Twelve organizations are in the process of creating demonstration neighborhood programs in 2020. Grants must be executed by December 31, 2022. Learn more about demonstration neighborhoods.

Pollinator Habitat Basics

The first step toward creating pollinator habitat is deciding how you want to make a change on your property or rental space*.

Before you begin, use this chart to determine the best type of project for your yard and lifestyle. Planning, installation, maintenance, cost and aesthetics are addressed in BWSR’s Planting for Pollinators Habitat Guide.

*Projects on rental properties must be approved by landlords

Key items to consider for your pollinator project:

  • Grow pollinator friendly flowers by installing Minnesota origin native plants.
  • Increase biodiversity by choosing three blooming plants per season: spring, summer and fall.
  • Don’t want to plant a large garden? Consider planting beneficial trees and shrubs instead.
  • Eliminate the use of insecticides and fungicides as much as possible.
  • Take before/after photos to track your progress.
  • Help spread the word about free technical resources available to start your own pollinator project.

Outreach and Education

Raising awareness and educating the public about the importance of pollinator habitat is a key component of the Lawns to Legumes Pilot Program. Efforts to date include:

  • Lawns to Legumes was formally launched in 2019 at the Minnesota State Fair Eco Experience. The exhibit featured native plantings, an opportunity to ask volunteers questions about the program, and options to sign up for program updates. 
  • A partnership among BWSR, Blue Thumb and the Minneapolis College of Art and Design yielded a year-long social media campaign showcasing student artwork to promote the program's values and goals on Facebook, Twitter, and Instagram.
  • BWSR's Medium blog features articles from BWSR Senior Ecologist and Vegetative Specialist Dan Shaw providing advice on specific aspects of creating pollinator habitat. 
  • Lawns to Legumes has been featured in 128 published articles, including publications with a national audience such as O the Oprah Magazine and Mother Jones.
  • Workshops are an essential component of Lawns to Legumes. So far, the program has held 27 resident workshops training 1,444 residents and 11 train the trainer workshops that equipped 657 trainers with the knowledge they need to help others create pollinator habitat.
  • Online resources are provided to all interested residents on BWSR's program webpage. Program staff continue to update resources as more become available.

Program Accomplishments (June 2019-October 2020)

The first phase of the pilot program has received significant attention in Minnesota and nationally as an effective model for benefiting pollinators through residential landscapes. Lawns to Legumes aligns with BWSR’s goal to incorporate high quality pollinator habitat into as many types of landscapes as possible.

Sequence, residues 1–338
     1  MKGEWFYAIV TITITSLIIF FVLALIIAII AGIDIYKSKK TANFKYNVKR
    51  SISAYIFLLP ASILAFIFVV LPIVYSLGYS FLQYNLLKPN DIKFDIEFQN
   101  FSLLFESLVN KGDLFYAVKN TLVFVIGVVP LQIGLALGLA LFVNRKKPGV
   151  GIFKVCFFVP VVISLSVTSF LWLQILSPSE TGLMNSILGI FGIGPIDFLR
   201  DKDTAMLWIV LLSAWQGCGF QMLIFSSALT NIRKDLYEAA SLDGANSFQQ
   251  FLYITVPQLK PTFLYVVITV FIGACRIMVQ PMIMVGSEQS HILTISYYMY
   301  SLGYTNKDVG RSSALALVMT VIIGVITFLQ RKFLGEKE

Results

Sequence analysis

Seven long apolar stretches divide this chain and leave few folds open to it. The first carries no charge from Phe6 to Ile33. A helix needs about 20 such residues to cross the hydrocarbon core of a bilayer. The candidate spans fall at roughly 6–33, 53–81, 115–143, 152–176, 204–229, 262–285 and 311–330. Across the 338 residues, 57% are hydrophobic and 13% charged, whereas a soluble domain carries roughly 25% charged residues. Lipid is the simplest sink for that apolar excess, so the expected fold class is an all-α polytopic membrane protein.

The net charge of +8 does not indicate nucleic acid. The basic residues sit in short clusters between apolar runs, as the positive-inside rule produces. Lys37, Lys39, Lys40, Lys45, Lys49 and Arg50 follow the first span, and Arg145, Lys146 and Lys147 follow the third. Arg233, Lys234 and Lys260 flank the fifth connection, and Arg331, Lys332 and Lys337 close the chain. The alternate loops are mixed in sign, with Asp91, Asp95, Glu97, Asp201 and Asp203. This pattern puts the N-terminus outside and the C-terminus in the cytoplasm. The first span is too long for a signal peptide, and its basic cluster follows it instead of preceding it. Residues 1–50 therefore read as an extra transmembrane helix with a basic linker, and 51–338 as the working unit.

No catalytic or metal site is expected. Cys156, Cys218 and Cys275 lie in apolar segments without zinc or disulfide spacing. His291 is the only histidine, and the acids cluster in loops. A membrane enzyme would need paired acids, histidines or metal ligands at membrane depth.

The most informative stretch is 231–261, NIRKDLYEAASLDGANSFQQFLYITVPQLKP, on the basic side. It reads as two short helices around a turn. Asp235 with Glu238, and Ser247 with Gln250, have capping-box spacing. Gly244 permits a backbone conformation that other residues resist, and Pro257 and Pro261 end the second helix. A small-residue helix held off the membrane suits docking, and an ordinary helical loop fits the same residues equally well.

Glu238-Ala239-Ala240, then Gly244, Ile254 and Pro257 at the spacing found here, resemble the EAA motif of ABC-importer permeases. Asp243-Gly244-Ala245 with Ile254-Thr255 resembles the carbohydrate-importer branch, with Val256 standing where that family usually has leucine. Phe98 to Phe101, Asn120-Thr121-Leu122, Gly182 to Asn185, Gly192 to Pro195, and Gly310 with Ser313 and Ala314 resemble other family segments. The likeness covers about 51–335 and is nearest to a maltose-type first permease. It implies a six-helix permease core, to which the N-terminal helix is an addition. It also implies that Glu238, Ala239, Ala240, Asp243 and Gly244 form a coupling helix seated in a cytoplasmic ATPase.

Lawns to Legumes provides Minnesota residents with a call to action to essentially “Bee The Change” for declining pollinator populations. We recognize that for many residents, the program provides an introduction to conservation in general. A combination of demonstration neighborhoods, individual resident support and a public outreach campaign helped maximize benefits for pollinators. Having this structure and public awareness in place creates an important opportunity to further engage and assist Minnesota communities and residents.

Accomplishments to date include:

  • More than 7,500 applications for individual support grants were received in the program’s first year.
  • Applications have been received from 84 of Minnesota’s 87 counties.
  • The first phase of the program established strong partnerships with over 50 partners contributing.
  • Roughly 100 dedicated volunteer coaches are providing one-on-one assistance to new gardeners.
  • Approximately 2,000 Minnesota residents are currently receiving support in creating pollinator habitat.
  • Over 33,000 people have accessed the program’s website as of September 2020.

 

Testimonials

What's next for Lawns to Legumes?

Lawns to Legumes has been recommended for funding for Phase II of the program from LCCMR; a decision is expected in Spring 2021. Program staff are continuing to look into additional funding sources. As the program moves ahead, we are developing strategies to build on the program’s momentum to further engage residents statewide to establish pollinator habitat in their yards.

We are excited about the future potential of this program and feel that it is important to we maintain its current momentum while building awareness around the state. Lawns to Legumes is playing an essential role in aiding at risk pollinators while engaging the public in conservation efforts across the state.